Yesterday evening, San Franciscans packed into Del Mar, a tiki bar that became the postelection gathering spot for those supporting the recall of the city’s district attorney, Chesa Boudin. The mood was both hopeful and nervous. Would the controversial DA actually be ousted with a “yes” vote on measure H? Every poll had predicted that he would be, but polls have been wrong before.
Then, sometime around 8:30 p.m., someone hushed the crowd to read the first round of results. Everyone stopped talking and listened. The early tally: 61 percent of voters had chosen to recall Boudin.
The screams of joy and relief were deafening. Finally, San Franciscans could relax. This is what the majority of the city’s beleaguered residents had so desperately wanted but were almost afraid to expect.
Boudin’s supporters had tried to frame the recall as a Republican-funded, extreme right-wing movement—an absurd approach to take in a deep-blue city. When that argument didn’t seem to take hold, they bizarrely attempted to tie the recall effort to abortion, claiming a vote to recall was a vote against women’s reproductive rights.
In the end, none of these ruses could disguise the reality that criminal activity was the primary driver behind public discontent with Boudin. Residents had become tired of hearing that such disorder, which they saw with their own eyes, wasn’t happening. They stopped believing the charts and statistics “proving” that they weren’t in danger. They rejected Team Boudin’s efforts to portray property crimes like car break-ins and residential thefts as minor nuisances.
Boudin supporters have learned that crime is a big deal to San Franciscans, and it is all too real. Just about everyone who lives in or visits the city sees and experiences it. They know it’s happening to their businesses, their family members, and themselves.
San Franciscans also see the drug dealers lining the streets, openly selling illegal substances. With Boudin in office, the drug trade has flourished. The dealers, mostly Honduran nationals, face little to no repercussions for the mayhem they cause because the district attorney doesn’t want them deported. To Boudin, they are victims, not perpetrators. So residents have watched in horror as the addicts to whom these dealers sell drugs collapse and die in public view. The resulting chaos has caused many mom-and-pop stores to close and residents to give up many of the basic amenities of urban life.
Yet recalling Boudin was no easy task. Richie Greenberg, one of the city’s few Republicans, managed one recall campaign, while Mary Jung, a Democrat, handled another. Disagreements broke out between the two groups; sometimes they would stand on corners of the same block, each with the same “recall Boudin” message but causing confusion among potential petition-signers. In the end, the divided effort didn’t matter. The goal was to recall Boudin and restore order, safety, and justice in the city.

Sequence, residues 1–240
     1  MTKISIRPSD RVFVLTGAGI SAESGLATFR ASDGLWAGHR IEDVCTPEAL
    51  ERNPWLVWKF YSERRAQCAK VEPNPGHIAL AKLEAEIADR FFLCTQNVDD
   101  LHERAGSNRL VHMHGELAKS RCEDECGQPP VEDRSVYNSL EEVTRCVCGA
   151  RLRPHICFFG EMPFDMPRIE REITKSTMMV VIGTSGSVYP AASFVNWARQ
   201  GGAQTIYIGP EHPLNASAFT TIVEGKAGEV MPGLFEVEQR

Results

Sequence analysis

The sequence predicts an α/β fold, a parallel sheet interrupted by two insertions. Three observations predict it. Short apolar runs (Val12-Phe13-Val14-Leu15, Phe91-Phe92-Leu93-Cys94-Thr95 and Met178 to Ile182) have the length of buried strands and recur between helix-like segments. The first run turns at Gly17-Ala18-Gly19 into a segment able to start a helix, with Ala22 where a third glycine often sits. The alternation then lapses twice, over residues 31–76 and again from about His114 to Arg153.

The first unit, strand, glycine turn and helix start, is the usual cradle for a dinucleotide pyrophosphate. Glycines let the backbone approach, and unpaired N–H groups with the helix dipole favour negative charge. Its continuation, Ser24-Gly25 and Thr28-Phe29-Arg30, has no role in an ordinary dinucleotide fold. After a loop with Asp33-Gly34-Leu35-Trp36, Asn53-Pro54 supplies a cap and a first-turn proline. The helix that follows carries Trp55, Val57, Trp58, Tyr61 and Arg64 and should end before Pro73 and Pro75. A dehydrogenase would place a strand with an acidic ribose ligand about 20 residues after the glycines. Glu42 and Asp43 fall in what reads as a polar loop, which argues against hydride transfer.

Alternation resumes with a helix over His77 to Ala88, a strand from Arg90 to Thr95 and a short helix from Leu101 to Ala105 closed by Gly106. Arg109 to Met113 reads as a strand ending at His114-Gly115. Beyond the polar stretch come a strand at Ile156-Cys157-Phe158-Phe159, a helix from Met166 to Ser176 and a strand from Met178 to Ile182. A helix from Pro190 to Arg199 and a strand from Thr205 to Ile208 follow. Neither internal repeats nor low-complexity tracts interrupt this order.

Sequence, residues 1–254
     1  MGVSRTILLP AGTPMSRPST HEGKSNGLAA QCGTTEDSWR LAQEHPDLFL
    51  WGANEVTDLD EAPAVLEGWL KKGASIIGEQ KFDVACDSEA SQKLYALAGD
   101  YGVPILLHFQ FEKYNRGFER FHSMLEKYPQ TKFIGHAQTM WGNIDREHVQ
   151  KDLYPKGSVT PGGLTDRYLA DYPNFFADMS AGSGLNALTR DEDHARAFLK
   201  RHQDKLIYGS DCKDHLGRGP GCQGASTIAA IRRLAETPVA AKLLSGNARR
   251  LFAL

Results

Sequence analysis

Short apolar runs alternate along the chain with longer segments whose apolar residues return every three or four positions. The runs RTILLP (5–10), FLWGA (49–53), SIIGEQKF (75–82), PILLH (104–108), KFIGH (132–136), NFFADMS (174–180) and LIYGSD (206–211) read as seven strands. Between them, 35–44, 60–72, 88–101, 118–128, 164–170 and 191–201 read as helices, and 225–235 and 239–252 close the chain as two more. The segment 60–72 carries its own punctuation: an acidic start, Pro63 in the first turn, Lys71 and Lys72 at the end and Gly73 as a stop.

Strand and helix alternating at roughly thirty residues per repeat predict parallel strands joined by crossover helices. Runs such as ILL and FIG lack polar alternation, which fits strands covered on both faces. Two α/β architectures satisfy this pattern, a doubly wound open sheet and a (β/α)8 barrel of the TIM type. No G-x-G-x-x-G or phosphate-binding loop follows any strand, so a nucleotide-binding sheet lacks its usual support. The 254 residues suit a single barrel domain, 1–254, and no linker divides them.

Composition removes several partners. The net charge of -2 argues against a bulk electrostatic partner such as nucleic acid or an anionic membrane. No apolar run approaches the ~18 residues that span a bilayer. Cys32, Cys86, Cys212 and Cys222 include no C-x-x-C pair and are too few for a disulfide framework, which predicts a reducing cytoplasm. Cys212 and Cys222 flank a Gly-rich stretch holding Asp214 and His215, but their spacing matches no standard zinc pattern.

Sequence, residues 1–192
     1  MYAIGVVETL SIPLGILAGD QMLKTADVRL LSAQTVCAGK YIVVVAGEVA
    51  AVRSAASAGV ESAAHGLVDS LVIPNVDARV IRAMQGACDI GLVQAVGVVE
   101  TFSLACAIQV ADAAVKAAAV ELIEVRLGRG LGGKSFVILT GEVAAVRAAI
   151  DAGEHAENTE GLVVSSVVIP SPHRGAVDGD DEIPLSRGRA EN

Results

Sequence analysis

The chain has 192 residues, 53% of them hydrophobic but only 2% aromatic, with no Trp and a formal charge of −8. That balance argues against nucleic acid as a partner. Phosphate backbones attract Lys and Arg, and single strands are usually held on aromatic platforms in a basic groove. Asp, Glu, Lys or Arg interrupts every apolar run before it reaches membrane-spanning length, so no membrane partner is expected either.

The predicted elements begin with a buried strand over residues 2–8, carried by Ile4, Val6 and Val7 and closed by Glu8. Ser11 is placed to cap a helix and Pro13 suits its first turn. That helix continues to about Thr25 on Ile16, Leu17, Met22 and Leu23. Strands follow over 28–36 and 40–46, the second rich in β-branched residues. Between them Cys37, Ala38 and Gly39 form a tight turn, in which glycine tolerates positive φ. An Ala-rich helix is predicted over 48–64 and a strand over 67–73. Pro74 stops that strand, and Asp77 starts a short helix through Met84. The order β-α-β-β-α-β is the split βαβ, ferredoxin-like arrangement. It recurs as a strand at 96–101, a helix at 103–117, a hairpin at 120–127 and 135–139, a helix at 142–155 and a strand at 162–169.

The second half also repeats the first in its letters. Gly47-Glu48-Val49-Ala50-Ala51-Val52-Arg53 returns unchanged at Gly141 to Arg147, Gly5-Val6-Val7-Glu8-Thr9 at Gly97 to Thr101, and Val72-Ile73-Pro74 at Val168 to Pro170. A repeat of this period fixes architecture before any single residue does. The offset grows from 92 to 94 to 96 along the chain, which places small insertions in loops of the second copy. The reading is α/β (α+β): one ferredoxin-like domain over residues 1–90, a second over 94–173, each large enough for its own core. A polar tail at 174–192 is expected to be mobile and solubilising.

The victory was hard-won, especially considering the opposition from high-profile Boudin supporters. The DA’s team dragged in singer John Legend and Jesse Jackson in a last-ditch effort to sway voters, but these outsiders ended up discredited and mocked. Criminal-justice reform advocates, such as Alec Karakatsanis, also chimed in, flooding Twitter with attacks on recall supporters. They oppose virtually any kind of incarceration, calling prisons “cages”—a hollow complaint in Boudin’s San Francisco, where even the most egregious criminals and repeat offenders can roam the city freely.
It was clear that Boudin’s supporters were losing the plot, but so was the local media. The San Francisco Chronicle and San Francisco Examiner urged readers to vote against the recall. Boudin was just doing the job that he was elected to do by the people who voted for him in 2019, the papers argued. He was fulfilling his campaign promises and was not responsible for the chaos.
But all these forces aligned behind Boudin failed to take the temperature of the city. San Franciscans were fed up with being talked down to and tired of seeing cherished neighborhoods fall to ruin. Boudin was not doing what he promised, which was to ensure public safety. Yesterday, they voted him out before he could do further damage.
Mayor London Breed will soon appoint an interim district attorney. The list of possible candidates includes Brooke Jenkins, a progressive prosecutor who broke away from Boudin’s office and has been spreading the word of his appalling behavior. City residents will have a chance to vote for a new DA next year.
For now, however, the rejoicing in Baghdad by the Bay continues. Ousting Chesa Boudin was a crucial win for the city. San Franciscans can’t be blamed for gloating.
Photo by Jane Tyska/Digital First Media/East Bay Times via Getty Images